work is only entitled to a copyright if she had permission to use the underlying copyrighted work. See 17 U.S.C. § 103(a); Dam Things from Denmark v. Russ Berrie & Co. Inc., 290 F.3d 548, 563 (3d Cir. 2002); Gracen v. Bradford Exch., 698 F.2d 300, 302 (7th Cir. 1983). Thus, if the PMP Exam Prep is an unauthorized derivative work of the PMBOK, Mulcahy’s copyrights are invalid. The district court did not discuss the concept of a derivative work. It simply concluded that PMP Exam Prep does not infringe PMI’s copyright in the PMBOK because, while the two works have “many substantive details in common,” they are not substantially similar “in substance, purpose, presentation, and functionality.” The court applied the two-part test for determining substantial similarity adopted by this court in diverse copyright infringement cases such as Hartman v. Hallmark Cards, Inc., 833 F.2d 117, 120 (8th Cir. 1987), Schoolhouse, Inc. v. Anderson, 275 F.3d 726, 729 (8th Cir. 2002), and Taylor Corp. v. Four Seasons Greetings, LLC, 315 F.3d 1039, 1043 (8th Cir. 2003). While substantial similarity is the test we use in determining copyright infringement, here the issue is whether Mulcahy’s book is a derivative work. In general, the two tests are similar. In the words of a leading copyright treatise, “Unless sufficient of the pre-existing work is contained in the later work so as to constitute the latter an infringement of the former, the latter by definition is not a derivative work.” 2 Nimmer on Copyright § 8.09[A], p. 8-138 (2004); see Litchfield v. Spielberg, 736 F.2d 1352, 1357 (9th Cir. 1984) (“a work is not derivative unless it has been substantially copied from the prior work”), cert. denied, 470 U.S. 1052 (1985). But as this case illustrates, a determination of what is substantial or sufficient must take into account the nature of the derivative work inquiry. PMI has created and copyrighted a multi-purpose reference work, the PMBOK, and has made that work the “foundation” of its test that a student must pass to receive PMI’s valuable PMP certification. Without doubt, an outside educator could obtain -6-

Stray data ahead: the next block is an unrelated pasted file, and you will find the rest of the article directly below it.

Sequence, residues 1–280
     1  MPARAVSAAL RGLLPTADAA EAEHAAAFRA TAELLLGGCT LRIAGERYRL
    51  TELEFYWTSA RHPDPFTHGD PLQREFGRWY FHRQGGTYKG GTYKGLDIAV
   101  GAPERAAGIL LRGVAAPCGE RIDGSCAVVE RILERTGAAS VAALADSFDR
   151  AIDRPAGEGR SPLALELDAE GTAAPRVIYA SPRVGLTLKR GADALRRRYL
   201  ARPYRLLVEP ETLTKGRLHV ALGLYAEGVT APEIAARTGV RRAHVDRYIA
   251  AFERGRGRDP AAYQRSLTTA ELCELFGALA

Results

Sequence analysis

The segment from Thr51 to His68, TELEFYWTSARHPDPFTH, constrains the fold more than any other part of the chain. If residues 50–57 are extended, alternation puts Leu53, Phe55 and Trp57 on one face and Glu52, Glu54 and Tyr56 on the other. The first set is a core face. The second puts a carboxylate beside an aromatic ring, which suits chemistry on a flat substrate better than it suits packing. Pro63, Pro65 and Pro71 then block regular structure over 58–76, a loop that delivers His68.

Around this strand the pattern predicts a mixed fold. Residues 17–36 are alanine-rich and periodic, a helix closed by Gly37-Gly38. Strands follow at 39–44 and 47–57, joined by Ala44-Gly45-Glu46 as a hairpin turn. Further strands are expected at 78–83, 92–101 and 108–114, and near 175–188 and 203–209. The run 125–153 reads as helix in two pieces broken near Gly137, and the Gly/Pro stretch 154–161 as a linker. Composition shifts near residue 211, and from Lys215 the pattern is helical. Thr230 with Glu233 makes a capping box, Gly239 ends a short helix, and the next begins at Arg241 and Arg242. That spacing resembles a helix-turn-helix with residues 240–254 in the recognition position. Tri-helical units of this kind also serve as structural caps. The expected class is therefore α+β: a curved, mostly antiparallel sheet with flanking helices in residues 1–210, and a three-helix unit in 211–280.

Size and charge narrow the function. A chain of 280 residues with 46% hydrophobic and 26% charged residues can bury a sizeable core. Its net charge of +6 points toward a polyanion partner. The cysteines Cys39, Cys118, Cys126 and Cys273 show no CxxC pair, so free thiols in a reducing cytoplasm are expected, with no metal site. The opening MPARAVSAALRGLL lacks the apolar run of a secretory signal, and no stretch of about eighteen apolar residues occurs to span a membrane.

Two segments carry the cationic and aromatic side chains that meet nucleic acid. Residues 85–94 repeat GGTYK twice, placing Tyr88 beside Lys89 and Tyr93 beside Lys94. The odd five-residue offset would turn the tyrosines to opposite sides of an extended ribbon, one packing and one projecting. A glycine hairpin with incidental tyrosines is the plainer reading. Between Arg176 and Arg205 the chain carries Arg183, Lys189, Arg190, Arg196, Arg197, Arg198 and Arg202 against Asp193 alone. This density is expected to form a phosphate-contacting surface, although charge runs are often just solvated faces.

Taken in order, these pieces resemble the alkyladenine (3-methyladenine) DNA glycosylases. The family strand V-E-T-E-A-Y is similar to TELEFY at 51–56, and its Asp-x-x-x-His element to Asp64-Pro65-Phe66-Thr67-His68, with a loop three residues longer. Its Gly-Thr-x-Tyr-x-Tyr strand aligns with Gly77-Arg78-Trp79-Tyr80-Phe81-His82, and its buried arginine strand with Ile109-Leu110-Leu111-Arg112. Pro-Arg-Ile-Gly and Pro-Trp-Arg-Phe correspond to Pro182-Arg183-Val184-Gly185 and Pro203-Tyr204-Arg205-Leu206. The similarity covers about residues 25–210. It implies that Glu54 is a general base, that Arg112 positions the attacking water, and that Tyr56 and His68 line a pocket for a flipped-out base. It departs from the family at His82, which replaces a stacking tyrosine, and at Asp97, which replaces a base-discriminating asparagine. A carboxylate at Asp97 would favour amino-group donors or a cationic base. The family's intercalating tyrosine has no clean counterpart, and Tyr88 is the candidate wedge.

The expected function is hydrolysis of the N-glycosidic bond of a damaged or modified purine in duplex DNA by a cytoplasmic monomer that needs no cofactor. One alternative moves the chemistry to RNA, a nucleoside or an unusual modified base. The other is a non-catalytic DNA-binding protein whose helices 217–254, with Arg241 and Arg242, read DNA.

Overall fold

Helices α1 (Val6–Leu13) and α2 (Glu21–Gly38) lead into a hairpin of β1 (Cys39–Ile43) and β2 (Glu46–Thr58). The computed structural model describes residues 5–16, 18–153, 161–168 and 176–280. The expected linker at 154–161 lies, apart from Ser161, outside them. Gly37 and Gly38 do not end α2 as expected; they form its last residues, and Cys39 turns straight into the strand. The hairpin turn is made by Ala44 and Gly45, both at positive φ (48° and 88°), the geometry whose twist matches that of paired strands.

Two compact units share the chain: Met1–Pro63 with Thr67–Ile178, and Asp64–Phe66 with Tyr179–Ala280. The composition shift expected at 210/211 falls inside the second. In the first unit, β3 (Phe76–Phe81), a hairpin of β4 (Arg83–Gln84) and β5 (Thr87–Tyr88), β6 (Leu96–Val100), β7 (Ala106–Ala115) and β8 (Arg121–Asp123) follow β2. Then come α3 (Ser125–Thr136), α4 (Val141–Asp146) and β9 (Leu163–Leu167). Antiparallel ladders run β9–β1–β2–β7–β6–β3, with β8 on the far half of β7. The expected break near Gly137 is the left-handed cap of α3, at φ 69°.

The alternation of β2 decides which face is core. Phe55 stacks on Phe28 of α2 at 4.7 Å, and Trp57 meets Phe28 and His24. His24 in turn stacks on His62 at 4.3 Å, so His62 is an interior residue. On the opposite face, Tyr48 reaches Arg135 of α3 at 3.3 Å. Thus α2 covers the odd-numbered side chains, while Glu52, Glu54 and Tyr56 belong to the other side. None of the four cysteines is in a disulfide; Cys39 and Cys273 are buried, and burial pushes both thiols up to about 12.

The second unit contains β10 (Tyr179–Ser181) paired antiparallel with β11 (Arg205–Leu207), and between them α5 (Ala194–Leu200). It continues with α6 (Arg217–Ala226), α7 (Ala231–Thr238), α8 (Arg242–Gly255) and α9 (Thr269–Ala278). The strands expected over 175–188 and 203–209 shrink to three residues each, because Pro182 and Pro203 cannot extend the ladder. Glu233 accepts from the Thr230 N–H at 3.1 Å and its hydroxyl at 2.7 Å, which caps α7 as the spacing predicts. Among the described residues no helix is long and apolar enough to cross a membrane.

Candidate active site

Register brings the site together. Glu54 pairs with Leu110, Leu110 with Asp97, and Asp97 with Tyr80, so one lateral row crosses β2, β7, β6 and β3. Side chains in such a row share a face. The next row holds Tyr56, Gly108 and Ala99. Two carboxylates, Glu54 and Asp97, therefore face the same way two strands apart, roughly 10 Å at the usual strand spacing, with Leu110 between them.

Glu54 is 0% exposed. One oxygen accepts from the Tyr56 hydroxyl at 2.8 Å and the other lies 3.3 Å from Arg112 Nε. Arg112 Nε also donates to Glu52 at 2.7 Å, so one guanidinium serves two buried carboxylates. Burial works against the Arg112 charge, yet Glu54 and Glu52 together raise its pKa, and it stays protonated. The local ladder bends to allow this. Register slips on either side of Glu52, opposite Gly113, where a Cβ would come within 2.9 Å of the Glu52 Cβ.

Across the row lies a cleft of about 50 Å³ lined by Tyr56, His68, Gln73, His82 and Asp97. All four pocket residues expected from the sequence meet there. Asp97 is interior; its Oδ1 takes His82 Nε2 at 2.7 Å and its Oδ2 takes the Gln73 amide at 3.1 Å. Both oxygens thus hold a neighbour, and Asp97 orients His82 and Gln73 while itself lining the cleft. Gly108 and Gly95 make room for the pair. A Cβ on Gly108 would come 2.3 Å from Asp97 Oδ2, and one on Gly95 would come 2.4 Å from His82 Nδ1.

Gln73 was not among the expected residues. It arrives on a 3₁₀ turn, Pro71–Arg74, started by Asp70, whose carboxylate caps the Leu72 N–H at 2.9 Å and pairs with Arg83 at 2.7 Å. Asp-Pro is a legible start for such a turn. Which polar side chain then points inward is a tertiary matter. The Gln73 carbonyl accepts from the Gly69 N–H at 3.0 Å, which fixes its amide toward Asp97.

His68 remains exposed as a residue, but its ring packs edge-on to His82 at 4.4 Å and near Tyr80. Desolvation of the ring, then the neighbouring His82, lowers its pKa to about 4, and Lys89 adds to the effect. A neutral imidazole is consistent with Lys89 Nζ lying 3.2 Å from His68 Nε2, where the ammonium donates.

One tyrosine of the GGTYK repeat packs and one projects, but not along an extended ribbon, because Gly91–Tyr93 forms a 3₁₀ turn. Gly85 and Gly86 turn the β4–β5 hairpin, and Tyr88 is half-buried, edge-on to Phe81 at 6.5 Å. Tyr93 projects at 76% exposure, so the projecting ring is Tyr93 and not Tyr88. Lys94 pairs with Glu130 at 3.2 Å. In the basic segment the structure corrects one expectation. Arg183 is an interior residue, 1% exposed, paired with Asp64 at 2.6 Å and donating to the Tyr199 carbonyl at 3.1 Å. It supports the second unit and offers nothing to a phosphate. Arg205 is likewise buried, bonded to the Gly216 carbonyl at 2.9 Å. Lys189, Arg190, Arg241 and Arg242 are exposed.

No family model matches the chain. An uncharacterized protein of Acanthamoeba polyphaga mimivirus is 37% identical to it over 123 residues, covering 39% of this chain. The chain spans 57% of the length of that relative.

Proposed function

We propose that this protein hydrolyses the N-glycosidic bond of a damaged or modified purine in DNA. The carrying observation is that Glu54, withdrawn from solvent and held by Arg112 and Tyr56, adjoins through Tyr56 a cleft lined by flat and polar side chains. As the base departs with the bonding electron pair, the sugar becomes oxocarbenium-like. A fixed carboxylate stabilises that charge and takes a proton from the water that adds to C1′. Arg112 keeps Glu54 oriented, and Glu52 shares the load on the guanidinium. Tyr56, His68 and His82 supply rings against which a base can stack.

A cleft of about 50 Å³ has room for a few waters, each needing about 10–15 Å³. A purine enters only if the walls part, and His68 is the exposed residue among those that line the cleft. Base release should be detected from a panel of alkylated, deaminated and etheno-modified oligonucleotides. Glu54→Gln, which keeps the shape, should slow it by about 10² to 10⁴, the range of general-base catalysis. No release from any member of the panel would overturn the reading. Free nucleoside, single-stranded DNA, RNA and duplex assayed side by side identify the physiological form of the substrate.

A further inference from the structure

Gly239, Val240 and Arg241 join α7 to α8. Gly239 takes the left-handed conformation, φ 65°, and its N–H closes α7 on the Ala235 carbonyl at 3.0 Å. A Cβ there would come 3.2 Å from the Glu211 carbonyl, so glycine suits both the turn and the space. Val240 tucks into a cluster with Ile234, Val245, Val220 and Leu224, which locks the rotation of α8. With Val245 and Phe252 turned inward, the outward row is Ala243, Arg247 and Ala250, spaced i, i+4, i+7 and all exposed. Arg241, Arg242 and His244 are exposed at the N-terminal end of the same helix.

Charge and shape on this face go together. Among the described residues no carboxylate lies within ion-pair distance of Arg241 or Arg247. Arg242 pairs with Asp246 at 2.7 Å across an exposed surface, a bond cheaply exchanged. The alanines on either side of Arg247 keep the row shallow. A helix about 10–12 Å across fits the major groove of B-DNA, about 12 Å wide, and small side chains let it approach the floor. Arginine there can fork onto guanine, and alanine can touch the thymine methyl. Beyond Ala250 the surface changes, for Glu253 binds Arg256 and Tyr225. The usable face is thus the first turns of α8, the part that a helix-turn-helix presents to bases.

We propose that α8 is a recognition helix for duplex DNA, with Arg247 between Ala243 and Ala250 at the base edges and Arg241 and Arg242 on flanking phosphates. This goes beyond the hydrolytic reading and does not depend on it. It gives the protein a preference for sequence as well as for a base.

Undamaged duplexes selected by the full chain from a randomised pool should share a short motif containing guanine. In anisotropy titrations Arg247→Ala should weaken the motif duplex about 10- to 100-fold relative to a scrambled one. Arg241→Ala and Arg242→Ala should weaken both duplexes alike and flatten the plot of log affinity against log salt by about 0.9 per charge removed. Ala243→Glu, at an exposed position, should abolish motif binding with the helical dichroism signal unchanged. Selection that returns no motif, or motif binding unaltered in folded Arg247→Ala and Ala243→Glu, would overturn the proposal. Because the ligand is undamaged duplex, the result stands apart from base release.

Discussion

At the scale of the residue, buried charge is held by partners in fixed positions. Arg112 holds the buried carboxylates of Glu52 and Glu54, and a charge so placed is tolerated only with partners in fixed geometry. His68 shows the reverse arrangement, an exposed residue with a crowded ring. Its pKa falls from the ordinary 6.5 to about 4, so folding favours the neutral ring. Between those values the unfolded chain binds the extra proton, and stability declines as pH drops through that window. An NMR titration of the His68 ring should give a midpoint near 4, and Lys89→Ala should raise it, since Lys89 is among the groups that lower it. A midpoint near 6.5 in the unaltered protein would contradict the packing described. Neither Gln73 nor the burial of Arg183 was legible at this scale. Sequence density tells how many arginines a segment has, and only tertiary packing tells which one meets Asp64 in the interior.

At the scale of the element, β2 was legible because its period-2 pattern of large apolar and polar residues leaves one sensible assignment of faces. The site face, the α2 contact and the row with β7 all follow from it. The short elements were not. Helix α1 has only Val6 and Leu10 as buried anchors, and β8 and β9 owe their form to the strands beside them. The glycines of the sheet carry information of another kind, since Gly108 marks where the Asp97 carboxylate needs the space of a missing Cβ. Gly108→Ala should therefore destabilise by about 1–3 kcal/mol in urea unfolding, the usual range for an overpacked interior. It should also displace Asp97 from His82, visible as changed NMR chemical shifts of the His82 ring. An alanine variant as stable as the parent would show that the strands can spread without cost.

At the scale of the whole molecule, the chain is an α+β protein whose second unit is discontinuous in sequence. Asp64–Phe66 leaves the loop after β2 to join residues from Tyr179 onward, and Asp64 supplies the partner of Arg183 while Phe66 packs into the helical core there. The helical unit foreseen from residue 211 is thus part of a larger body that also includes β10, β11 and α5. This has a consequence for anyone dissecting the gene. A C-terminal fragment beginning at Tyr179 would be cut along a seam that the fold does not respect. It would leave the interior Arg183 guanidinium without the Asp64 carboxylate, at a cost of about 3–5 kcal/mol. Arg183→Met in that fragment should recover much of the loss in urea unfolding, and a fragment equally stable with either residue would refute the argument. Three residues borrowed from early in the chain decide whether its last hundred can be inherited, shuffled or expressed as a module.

copies of the PMBOK from PMI and lecture students on how to use that work to pass the exam without infringing the PMBOK copyright. In addition, the educator could create and distribute written materials on subjects not covered in the PMBOK -- such as “How to Study for the Exam” and “Tricks for Taking the Exam” -- without infringing. But Mulcahy has done far more. Large portions of her PMP Exam Prep appear to copy, condense, and adapt those portions of the PMBOK that are relevant to passing the exam. She admits that these portions of her work are derived from and based upon the PMBOK. The question is whether this copying, condensing, and adapting of the PMBOK encroaches upon, i.e., infringes, PMI’s exclusive right “to prepare derivative works based upon the copyrighted work.” 17 U.S.C. § 106(2). This issue cannot be answered by looking at the percentage of the PMBOK that has been condensed or copied in PMP Exam Prep. Rather, a reasonable factfinder could find that PMP Exam Prep is an infringing derivative work if it copied or condensed the qualitative core of one marketable portion of the multi-purpose PMBOK. See Castle Rock Ent., Inc. v. Carol Pub. Group, Inc., 150 F.3d 132, 138-39 (2d Cir. 1998). It is true that, in most infringement cases, “[i]nfringement of expression occurs only when the total concept and feel of the works in question are substantially similar,” Hartman, 833 F.2d at 120-21. But the derivative work issue, like the fair use issue, should turn on “the qualitative nature of the taking.” Harper & Row Publishers, Inc. v. Nation Enters., 471 U.S. 539, 565 (1985). Thus, a work may be found to be derivative even if it has “a different total concept and feel from the original work.” Castle Rock, 150 F.3d at 140. Mulcahy argues that the PMBOK is entitled to only limited protection because it is “a common project management lexicon,” a collection of underlying facts and theories that cannot themselves be copyrighted. The Supreme Court has warned that “the copyright in a factual compilation is thin” because “a subsequent compiler remains free to use the facts . . . to aid in preparing a competing work.” Feist, 499 U.S. at 349. That principle may apply here. But PMI’s website materials in the summary judgment record suggest that the PMBOK may be an original work intended -7-